Fanprice.com, a new website where buyers and sellers set asking prices and bids for tickets, is hoping that it fresh new approach will help fans better navigate the often choppy waters of the secondary ticket market.
The idea behind the business is simple. Say a buyer only wants to spend $100 to go to an event, but no sellers have tickets for less than $150. As the event draws near, sellers sometimes lower their prices, and buyers raise their bids, and Fanprice.com allows the two to meet somewhere in the middle. A few clicks later, the seller has made a sale, because the buyer’s credit card information has already been entered into the Fanprice.com system. There is no waiting for payment from the buyer, which could help make the site attractive to sellers.
Representatives from Fanprice.com will be among the featured speakers at Ticket Summit, the largest conference and trade show for secondary ticket sellers, scheduled for July 23-25 at the Venetian Resort Hotel Casino in Las Vegas.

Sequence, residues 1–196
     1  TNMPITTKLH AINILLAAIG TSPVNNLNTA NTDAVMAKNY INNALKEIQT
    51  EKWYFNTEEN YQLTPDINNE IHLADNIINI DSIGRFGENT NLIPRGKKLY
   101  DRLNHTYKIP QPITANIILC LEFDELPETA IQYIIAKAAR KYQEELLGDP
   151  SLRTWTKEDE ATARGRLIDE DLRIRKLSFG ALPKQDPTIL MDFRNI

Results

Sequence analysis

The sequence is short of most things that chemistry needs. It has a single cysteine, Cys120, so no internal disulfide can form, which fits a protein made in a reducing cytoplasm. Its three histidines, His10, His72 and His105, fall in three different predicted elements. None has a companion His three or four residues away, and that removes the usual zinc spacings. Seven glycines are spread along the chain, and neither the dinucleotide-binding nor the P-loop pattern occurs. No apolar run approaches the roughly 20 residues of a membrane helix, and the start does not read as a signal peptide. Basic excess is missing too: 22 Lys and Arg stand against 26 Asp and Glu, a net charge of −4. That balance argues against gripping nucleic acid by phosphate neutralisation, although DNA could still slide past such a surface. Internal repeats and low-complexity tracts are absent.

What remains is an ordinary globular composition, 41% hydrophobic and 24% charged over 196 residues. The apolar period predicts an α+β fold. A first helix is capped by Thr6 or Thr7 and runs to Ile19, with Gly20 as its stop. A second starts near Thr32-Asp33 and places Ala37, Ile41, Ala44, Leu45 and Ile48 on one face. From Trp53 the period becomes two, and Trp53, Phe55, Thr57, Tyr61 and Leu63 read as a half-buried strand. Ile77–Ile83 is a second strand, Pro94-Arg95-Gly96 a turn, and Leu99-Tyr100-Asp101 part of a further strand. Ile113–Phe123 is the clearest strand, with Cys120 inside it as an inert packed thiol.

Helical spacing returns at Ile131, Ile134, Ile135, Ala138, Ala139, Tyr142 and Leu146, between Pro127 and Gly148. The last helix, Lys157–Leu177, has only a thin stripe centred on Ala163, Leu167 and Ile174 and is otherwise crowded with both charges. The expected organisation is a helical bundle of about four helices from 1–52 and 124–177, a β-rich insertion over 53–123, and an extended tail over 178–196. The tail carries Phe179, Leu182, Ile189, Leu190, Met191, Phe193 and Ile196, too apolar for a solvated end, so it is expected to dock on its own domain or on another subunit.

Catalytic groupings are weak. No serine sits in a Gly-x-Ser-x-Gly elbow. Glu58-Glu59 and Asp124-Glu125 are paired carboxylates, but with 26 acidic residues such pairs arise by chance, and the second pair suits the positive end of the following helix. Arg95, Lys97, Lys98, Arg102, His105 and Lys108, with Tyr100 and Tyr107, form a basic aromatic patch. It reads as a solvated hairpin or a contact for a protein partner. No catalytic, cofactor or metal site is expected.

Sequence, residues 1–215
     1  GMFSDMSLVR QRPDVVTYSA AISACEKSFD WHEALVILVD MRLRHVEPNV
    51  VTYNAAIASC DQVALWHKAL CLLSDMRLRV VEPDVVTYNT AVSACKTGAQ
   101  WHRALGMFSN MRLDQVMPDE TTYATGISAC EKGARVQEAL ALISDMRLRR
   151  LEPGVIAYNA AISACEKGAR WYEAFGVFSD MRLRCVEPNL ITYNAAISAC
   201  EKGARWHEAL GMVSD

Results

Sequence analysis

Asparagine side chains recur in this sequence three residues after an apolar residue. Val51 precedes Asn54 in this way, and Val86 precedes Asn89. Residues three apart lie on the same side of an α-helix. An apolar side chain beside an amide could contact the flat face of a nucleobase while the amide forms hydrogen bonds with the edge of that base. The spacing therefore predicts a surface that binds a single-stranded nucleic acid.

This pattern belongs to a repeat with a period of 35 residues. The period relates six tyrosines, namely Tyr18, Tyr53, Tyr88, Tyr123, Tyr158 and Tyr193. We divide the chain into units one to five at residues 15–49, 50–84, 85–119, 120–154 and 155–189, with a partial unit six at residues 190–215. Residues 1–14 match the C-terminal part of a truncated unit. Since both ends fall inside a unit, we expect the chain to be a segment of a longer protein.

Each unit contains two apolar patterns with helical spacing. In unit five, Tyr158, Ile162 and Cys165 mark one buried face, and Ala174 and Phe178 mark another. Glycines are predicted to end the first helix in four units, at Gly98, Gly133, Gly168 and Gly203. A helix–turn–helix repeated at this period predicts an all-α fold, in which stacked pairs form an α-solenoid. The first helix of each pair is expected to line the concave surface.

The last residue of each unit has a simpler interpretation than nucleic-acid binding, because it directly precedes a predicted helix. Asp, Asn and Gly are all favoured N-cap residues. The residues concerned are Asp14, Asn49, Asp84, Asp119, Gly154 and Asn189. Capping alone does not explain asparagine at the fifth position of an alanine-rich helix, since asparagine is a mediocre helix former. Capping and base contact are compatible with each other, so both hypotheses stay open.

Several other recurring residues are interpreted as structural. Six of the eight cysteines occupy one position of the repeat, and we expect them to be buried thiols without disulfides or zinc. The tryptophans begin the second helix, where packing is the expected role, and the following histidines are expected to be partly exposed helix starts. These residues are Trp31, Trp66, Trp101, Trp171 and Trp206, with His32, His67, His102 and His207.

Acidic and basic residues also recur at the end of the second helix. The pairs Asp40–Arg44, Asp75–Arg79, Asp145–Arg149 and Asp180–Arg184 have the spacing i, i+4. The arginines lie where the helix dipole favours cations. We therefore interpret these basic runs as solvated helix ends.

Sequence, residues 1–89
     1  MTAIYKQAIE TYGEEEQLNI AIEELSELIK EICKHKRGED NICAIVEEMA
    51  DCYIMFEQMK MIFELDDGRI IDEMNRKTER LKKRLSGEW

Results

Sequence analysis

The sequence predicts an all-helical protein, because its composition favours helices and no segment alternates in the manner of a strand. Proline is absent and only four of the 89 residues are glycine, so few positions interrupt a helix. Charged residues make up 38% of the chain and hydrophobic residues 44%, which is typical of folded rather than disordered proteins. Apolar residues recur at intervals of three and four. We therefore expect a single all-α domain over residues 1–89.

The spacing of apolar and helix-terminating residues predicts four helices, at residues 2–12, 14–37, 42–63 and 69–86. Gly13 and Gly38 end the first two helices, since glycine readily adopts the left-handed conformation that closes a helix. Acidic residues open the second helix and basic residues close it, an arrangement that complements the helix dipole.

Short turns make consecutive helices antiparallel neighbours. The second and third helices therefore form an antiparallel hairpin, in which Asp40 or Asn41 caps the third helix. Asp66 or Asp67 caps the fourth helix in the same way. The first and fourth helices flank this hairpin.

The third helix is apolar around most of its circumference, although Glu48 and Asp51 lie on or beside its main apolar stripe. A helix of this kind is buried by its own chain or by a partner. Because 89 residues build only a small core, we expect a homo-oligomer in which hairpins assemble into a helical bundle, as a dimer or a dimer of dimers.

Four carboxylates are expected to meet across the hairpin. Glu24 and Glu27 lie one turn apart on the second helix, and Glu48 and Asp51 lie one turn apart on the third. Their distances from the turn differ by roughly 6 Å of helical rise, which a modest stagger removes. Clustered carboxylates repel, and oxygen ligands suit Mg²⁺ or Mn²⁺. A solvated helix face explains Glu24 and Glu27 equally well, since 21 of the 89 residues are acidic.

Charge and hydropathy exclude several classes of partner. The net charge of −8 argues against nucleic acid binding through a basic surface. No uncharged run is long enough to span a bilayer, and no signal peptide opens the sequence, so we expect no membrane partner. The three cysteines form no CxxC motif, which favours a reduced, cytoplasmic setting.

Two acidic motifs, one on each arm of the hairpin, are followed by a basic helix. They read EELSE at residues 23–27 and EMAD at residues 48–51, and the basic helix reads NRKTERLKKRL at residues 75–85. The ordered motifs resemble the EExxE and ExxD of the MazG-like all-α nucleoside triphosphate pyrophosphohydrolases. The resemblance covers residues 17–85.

Buyers may also like the site because it offers detailed venue maps, and allows buyers to set the price they are willing to pay for seats in each section. Thus, fans can easily spell out what specific seats are worth to them.
The site’s operations are expected to ramp up in the coming weeks, according to Scott Daniel, head of sales and marketing. Ticket brokers will soon be able to upload data listing their ticket inventories for specific events.
An intriguing aspect of Fanprice.com’s model, which only charges shipping fees but not convenience fees, is that eventually, with enough buyers and sellers in the market, ticket equilibrium prices will be determined. This data would provide information on the fair price of tickets to both buyers and sellers, which would likely influence future pricing in the secondary and perhaps even primary ticket markets.
Last Updated on February 20, 2008 by By Brian Thompson